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Top 10 Remote Islands You Should Visit

December 28, 2022 217 0
Top 10 Remote Islands You Should Visit

Exploring the world's most remote islands is an adventure of a lifetime. From Madagascar's exotic wildlife to Easter Island's ancient ruins, the world's most remote islands offer some of the most unique and awe-inspiring experiences you can find. These islands are often untouched by modern development, and they offer a chance to immerse yourself in a different culture, observe unique wildlife, and explore wild nature. 

Whether you're searching for a peaceful getaway or a thrilling adventure, this travel guide will help you find the perfect remote island for your next vacation. These destinations will provide a different experience, unlike the usual activities that you do, such as malling, gambling, and dining during your tour. 

Remote Islands to Visit

If you're looking for a tropical island getaway, look no further than the Maldives. With more than 1,000 islands to choose from, there's bound to be one that fits your needs. But with so many destinations out there, how do you know which one is right for you? Well, we've got your back! Here are some tips on where to go and when:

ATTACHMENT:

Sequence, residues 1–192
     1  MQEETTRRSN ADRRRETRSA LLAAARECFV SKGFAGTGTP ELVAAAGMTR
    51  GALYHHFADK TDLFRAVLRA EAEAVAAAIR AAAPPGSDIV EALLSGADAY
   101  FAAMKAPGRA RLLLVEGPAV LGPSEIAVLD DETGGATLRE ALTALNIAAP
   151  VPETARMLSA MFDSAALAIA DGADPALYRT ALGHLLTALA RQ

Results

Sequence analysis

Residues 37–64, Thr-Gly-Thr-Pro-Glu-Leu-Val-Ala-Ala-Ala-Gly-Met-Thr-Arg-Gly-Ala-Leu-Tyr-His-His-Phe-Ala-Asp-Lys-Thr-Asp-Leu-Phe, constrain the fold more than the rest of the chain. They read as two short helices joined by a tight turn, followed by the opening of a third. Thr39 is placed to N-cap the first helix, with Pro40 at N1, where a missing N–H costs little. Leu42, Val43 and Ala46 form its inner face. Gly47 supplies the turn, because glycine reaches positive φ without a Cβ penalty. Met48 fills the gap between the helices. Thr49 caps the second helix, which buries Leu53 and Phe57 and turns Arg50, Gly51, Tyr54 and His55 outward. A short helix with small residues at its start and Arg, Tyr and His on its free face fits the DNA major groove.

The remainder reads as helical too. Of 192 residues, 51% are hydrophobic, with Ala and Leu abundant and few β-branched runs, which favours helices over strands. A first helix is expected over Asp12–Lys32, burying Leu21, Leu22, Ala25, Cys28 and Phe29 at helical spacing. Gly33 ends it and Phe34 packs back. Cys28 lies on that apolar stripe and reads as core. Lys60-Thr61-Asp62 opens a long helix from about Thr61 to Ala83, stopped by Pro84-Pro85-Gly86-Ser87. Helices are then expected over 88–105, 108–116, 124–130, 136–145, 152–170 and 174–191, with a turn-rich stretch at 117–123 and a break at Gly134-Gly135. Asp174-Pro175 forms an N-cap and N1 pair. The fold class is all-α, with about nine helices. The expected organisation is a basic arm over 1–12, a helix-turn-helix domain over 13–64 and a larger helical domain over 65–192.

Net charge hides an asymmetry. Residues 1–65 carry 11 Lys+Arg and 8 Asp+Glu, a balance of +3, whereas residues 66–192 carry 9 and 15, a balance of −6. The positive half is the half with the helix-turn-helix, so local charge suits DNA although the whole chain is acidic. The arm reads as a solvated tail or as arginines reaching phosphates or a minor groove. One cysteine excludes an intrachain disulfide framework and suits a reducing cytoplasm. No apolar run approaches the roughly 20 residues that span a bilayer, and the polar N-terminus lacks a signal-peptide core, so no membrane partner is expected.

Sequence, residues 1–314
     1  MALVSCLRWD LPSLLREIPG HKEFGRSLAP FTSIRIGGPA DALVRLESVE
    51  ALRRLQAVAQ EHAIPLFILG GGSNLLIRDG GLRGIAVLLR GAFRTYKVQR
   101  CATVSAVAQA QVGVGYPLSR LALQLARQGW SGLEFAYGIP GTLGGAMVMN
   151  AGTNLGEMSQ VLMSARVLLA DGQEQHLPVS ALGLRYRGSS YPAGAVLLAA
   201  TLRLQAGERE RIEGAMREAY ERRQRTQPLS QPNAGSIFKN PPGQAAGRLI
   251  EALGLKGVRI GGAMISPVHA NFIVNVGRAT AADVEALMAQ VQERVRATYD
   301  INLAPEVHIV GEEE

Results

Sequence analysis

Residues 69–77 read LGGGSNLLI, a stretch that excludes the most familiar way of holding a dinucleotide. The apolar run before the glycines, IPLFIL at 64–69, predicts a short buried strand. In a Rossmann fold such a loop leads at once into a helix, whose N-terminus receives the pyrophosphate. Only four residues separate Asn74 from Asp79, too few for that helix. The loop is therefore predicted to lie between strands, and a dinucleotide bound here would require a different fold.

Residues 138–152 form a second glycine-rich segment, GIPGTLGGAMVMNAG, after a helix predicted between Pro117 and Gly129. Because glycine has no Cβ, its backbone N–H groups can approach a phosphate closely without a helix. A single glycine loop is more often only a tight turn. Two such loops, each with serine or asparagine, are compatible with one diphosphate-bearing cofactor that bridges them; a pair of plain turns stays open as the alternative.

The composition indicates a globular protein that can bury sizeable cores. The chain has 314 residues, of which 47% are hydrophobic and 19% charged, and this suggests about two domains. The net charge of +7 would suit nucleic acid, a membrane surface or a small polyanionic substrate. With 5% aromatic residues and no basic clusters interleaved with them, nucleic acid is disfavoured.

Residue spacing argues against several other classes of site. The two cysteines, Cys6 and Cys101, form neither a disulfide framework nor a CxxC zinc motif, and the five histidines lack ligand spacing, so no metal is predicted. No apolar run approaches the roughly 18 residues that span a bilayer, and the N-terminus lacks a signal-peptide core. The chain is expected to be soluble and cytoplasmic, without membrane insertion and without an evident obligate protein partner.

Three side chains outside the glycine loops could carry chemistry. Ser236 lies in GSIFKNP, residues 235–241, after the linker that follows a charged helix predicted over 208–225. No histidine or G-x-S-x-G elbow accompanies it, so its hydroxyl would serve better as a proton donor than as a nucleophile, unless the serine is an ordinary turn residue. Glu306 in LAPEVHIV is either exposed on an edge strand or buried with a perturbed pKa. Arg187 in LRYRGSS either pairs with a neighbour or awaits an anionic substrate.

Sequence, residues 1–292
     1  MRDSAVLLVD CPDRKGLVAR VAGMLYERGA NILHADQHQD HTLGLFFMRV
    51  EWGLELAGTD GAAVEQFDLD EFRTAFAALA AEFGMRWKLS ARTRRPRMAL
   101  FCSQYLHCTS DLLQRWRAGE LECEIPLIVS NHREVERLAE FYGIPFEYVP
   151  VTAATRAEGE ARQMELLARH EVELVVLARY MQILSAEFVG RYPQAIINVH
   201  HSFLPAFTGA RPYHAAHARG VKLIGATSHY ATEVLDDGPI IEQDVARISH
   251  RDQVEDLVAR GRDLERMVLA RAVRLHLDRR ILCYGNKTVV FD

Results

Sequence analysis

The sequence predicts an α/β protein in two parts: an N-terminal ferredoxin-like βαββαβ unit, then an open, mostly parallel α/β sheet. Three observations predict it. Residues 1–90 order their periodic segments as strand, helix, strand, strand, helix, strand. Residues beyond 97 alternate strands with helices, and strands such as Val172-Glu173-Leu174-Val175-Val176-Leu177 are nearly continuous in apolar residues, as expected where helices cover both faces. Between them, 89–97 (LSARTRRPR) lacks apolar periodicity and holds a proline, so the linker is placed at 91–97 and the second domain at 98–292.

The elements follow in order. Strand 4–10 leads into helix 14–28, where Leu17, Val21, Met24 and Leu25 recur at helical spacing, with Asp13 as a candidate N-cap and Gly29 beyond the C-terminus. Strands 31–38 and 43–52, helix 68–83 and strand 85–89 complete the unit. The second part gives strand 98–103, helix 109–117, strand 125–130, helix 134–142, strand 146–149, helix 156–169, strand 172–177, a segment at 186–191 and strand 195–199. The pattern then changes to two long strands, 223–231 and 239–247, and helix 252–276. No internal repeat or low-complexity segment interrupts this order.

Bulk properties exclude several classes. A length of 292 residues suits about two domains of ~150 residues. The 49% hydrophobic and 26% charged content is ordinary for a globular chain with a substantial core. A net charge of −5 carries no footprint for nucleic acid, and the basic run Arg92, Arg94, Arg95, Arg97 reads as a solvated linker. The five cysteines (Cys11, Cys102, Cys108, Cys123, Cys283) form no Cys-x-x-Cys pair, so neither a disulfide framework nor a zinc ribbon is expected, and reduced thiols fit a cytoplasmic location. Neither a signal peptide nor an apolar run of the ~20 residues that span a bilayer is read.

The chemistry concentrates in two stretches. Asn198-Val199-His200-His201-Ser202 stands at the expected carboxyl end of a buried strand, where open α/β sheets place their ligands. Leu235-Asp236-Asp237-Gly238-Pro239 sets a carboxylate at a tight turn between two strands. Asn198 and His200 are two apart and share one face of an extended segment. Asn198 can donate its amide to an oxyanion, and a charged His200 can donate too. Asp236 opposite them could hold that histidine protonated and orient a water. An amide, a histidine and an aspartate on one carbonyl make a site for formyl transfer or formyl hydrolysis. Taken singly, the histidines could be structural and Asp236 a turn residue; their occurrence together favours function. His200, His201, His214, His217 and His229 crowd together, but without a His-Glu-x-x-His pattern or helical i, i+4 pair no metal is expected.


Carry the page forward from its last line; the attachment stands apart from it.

1. Isla del Sol, Bolivia

Isla del Sol is a remote island in the Bolivian Amazon and the second largest island in South America, after Great Britain's Anglesey Island. The island has been home to various wildlife, such as monkeys, birds, jaguars, and tapirs.

Isla del Sol has one main town on it called Puerto Suarez, where you can find hotels, restaurants, and other services if you need them while visiting this area of Bolivia.

It is also possible to set camp on the island, which is a great way to get away from it all and enjoy nature at its best. There are many options to do in Isla del Sol, with hiking, swimming, and kayaking being just some of them, which makes it one of the best remote islands you can visit.

2. Lord Howe Island, Australia

Lord Howe Island also belongs to our list of remote islands to visit, and it is a small island in the South Pacific. It's become a popular destination for scuba diving, snorkeling, and other water sports thanks to its excellent dive sites and beautiful beaches.